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Ink, stink, and sweetmeats

By Simon Eliot

All powered printing machines needed an effective means of inking type at speed. In most cases this was done by the use of rollers. The earliest prototypes had been covered with leather but, as a sheet of leather had to be joined to create covering for a cylinder, there was always a sewn seam that did not distribute the ink evenly. By 1814 this problem had been overcome by rollers covered in a ‘composition’ consisting usually of glue, molasses and some carbonate of soda. This created a seamless surface that distributed ink evenly and then provided the main inking system for powered printing machines, until replaced later by rollers made of rubber or synthetic materials. Composite inking rollers for hand inking had been introduced into the Press by 1819, some years before powered printing machines. No doubt the pressmen would have been grateful for their relatively quick adoption not only because they made inking type easier but also because the ink balls which they superseded tended to stink. One writer who had experience of their manufacture described it as one of the ‘nastiest processes imaginable, which converted the room into a stinking cloaca.’ This was no exaggeration, as traditionally the ink balls were soaked in urine overnight to soften the leather.

Composition kettle
A kettle used for making “composition”, a mixture of glue and molasses or treacle and later glycerin, which was poured out to make rollers for inking type in letterpress printing.

Later the Press began to manufacture its own rollers which were cast in the ‘Inking Roller Manufactory’ located next to the Stereotype Foundry in the Walton Street printing works. This fact explains a rather Lewis Carroll-like list of items contained in a Bible side trade ledger. On 20 March 1851 it recorded ‘Best Golden Syrup a puncheon 11.10.4’ and another puncheon of golden syrup bought for £8.6.2 in the following October. In January 1856 the Press bought 5 cwt of glue, and ordered another 5 cwt in August of the same year. As late as 1885 there was still a roller making room on the Bible Side with fixtures and fittings worth an estimated £498. This room was sought out by apprentices in search of a treat, of sorts:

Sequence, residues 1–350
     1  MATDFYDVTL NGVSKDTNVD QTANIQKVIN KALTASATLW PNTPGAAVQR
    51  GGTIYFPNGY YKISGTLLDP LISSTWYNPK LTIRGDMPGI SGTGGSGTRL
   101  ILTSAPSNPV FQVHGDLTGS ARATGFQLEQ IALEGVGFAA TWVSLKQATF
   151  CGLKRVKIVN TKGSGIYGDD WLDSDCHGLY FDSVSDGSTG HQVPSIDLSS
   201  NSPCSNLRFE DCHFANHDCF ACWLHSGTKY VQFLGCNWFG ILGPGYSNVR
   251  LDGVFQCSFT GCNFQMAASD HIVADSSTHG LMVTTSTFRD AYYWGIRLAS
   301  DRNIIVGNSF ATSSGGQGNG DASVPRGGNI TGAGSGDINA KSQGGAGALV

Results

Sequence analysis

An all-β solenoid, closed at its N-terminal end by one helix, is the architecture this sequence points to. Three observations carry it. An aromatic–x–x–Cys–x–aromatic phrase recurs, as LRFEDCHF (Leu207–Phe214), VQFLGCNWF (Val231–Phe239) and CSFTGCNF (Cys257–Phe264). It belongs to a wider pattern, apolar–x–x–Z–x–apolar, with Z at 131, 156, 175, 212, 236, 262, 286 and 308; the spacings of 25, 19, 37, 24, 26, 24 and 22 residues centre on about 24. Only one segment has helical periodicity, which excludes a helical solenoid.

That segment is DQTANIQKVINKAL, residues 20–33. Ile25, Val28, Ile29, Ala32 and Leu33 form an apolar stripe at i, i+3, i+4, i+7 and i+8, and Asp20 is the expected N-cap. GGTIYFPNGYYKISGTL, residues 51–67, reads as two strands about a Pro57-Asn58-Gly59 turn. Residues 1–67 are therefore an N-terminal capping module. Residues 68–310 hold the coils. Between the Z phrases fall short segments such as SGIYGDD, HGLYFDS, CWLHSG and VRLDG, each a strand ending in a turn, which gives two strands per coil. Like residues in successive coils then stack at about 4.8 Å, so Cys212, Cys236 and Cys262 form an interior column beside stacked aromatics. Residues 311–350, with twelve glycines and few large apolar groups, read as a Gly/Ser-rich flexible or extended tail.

‘My duties as an errand-boy took me to all parts of the Bible Side buildings but very rarely to the Learned Side, which was still a thing apart and rather sparsely inhabited. My journeys to the machine-room with proofs led to my discovery of the roller-making room, where it was possible by making a polite request to receive a piece of the trimmings of a new roller. This was made chiefly, I believe, of treacle and glue, and was considered quite good enough to eat when other sweetmeats failed.’

Simon Eliot is Professor of the History of the Book in the Institute of English Studies, School of Advanced Study, University of London. He is general editor of The History of Oxford University Press, and editor of its Volume II 1780-1896.

With access to extensive archives, The History of Oxford University Press is the first complete scholarly history of the Press, detailing its organization, publications, trade, and international development. Read previous blog posts about the history of Oxford University Press.

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Image credit: Derived from an illustration on page 43 of Oscar H. Harpel’s Harpel’s Typograph. Public domain, via Wikimedia Commons.

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